The CRA stated that it understood crowdfunding to be a way of
raising funds for a broad range of purposes, using the internet,
where conventional forms of fundraising funds might not be possible
(and which may or may not involve the issuance of securities).
The CRA stated that, depending on the specific circumstances,
crowdfunding amounts received by the taxpayer could represent a
loan, capital contribution, gift, income or a combination thereof.
The CRA noted its position described in Interpretation Bulletin IT-334R2 "Miscellaneous Receipts"
(February 21, 1992) that voluntary payments received by virtue
of a taxpayer's profession or carrying on of a business are
considered taxable receipts. The CRA also noted that, on the other
hand, a non-taxable windfall may exist where the taxpayer made no
organized effort to receive the payment and neither sought nor
solicited the payment. The CRA's view is that a business has
commenced where the taxpayer has started some significant activity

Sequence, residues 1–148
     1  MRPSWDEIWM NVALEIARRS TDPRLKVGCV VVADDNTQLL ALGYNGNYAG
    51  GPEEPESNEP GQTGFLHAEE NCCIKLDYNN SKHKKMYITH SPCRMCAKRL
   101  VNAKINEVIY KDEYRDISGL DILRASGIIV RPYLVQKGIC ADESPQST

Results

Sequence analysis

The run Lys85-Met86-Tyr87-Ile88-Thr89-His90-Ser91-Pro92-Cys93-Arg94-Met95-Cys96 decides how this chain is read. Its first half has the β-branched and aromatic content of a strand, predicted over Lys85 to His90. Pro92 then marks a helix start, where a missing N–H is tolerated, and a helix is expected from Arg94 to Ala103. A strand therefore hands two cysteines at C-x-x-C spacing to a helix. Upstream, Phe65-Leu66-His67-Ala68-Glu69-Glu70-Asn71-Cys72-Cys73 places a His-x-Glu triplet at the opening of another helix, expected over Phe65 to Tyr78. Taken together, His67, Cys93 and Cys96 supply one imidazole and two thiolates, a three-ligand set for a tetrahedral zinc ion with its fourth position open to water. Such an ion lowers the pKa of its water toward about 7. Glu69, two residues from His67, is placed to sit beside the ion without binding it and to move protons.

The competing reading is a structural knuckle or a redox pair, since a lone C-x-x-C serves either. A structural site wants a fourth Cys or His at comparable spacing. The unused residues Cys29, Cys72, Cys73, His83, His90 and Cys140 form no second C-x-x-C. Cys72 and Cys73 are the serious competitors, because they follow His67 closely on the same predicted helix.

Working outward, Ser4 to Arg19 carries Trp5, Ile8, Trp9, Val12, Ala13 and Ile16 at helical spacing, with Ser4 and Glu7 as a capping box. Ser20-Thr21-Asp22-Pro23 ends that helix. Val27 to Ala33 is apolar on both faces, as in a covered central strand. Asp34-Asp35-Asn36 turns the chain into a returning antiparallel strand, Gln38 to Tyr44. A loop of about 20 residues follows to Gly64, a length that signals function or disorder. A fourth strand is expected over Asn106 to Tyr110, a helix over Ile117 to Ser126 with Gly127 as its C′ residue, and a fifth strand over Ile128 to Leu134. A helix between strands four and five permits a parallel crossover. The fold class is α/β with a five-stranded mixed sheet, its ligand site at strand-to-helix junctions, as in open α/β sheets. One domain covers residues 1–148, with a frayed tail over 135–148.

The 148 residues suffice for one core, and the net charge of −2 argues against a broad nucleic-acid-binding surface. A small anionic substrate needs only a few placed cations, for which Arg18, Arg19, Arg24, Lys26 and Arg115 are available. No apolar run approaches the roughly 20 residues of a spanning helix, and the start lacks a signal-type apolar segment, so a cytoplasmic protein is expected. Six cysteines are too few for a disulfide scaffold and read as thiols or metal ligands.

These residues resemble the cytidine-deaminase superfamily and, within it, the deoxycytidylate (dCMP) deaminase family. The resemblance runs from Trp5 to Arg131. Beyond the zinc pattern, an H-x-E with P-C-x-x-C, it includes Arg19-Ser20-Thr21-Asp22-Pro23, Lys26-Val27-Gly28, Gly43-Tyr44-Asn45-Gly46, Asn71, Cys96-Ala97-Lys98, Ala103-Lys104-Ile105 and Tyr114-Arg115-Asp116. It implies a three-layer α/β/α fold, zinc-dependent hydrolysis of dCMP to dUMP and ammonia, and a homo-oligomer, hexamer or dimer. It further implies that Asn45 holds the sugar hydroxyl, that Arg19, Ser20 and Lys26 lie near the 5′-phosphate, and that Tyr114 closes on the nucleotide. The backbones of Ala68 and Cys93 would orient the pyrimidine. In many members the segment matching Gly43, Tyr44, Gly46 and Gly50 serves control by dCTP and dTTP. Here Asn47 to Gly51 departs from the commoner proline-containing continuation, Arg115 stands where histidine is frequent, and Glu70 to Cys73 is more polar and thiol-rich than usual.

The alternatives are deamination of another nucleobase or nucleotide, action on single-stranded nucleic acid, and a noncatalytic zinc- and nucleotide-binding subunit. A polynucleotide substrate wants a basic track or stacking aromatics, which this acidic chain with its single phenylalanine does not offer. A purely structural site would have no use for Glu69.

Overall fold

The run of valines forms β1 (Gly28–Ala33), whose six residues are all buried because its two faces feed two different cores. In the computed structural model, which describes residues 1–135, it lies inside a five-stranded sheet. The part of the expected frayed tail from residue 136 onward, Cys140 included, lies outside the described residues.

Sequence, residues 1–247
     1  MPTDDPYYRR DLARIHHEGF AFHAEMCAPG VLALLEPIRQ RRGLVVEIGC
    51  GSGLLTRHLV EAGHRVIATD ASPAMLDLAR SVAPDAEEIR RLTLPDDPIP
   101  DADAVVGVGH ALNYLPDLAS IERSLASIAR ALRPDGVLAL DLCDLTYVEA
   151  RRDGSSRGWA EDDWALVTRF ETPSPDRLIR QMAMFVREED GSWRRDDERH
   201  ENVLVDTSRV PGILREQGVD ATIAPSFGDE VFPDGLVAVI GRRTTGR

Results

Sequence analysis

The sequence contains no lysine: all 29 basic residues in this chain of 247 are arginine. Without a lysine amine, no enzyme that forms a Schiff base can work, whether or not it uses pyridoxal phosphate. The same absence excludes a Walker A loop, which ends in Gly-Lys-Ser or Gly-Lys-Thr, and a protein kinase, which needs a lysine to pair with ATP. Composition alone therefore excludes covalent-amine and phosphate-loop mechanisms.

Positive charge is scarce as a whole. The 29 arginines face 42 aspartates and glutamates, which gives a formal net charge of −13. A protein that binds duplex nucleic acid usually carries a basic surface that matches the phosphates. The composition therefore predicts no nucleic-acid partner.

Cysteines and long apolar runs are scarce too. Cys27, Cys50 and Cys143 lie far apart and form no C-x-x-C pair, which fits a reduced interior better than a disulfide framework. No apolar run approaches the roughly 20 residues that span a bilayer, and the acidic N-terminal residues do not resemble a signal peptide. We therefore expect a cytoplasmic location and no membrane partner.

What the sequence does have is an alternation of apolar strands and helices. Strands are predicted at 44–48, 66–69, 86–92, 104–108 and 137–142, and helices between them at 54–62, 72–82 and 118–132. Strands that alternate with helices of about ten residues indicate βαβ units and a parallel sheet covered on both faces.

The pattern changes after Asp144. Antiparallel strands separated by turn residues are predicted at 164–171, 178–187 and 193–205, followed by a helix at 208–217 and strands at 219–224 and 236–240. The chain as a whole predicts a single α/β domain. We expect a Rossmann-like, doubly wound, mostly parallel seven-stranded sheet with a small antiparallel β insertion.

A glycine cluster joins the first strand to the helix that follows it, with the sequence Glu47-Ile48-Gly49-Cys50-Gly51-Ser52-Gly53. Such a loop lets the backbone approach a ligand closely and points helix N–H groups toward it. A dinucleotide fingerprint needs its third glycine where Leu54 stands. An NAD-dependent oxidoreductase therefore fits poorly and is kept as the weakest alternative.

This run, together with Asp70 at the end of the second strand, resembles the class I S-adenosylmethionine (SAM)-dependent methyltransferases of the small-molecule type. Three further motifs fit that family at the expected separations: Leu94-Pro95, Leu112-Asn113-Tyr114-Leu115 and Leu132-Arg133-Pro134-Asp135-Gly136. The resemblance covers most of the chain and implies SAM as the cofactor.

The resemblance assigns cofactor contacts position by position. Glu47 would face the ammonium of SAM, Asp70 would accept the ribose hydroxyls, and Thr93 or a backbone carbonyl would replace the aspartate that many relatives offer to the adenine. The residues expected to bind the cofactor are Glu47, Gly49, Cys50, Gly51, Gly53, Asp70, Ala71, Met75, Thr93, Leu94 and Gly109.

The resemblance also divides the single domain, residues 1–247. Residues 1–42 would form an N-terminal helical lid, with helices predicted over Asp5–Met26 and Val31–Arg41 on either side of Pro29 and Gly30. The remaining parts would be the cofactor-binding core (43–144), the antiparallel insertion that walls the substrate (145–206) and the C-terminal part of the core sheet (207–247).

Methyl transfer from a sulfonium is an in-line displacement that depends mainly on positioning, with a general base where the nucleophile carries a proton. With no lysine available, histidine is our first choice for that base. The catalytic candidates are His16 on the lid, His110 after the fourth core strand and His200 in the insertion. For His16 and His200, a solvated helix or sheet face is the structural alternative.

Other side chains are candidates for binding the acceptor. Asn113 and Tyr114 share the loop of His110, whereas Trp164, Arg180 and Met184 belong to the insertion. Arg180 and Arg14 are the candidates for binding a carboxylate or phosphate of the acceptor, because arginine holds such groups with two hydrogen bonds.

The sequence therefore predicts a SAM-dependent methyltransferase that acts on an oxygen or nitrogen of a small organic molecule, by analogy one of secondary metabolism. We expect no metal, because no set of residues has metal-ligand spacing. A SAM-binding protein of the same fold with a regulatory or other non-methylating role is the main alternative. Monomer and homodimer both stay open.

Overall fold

that is a regular part of the business or that is necessary to get
the business going (see Interpretation Bulletin IT-364 "Commencement of Business
Operations" (March 14, 1977)). Conversely, a gift may
exist where the donor transfers property with no right, privilege,
material benefit or advantage conferred in return.
These two recent technical interpretations follow an earlier
CRA Document No. 2013-0484941E5 "Crowdfunding"
(August 13, 2013)), in which the CRA stated that amounts
received by a taxpayer from crowdfunding activities would generally
be included in the taxpayer's income pursuant to subsection
9(1) of the Income Tax Act as income from carrying on a
business (and that certain expenses may be deductible).
These views from the CRA are helpful guidance for those who have
undertaken or are considering crowdfunding. We agree that a
taxpayer's specific circumstances will be determinative of the
tax treatment of the crowdfunded amounts (i.e., on a case-by-case
basis). However, because of the various activities for which
crowdfunding may be sought, and the ease with which crowdfunding
may be accessed, it is less clear when a taxpayer's activities
(including seeking crowdfunding and any other associated
activities) will result in the conclusion that a taxpayer has
commenced carrying on business.
Accordingly, taxpayers who seek and obtain crowdfunding (for
business and non-business purposes) should be aware of the
potential tax implications, particularly in light of fact-specific
results and the CRA's evolving views on the subject.
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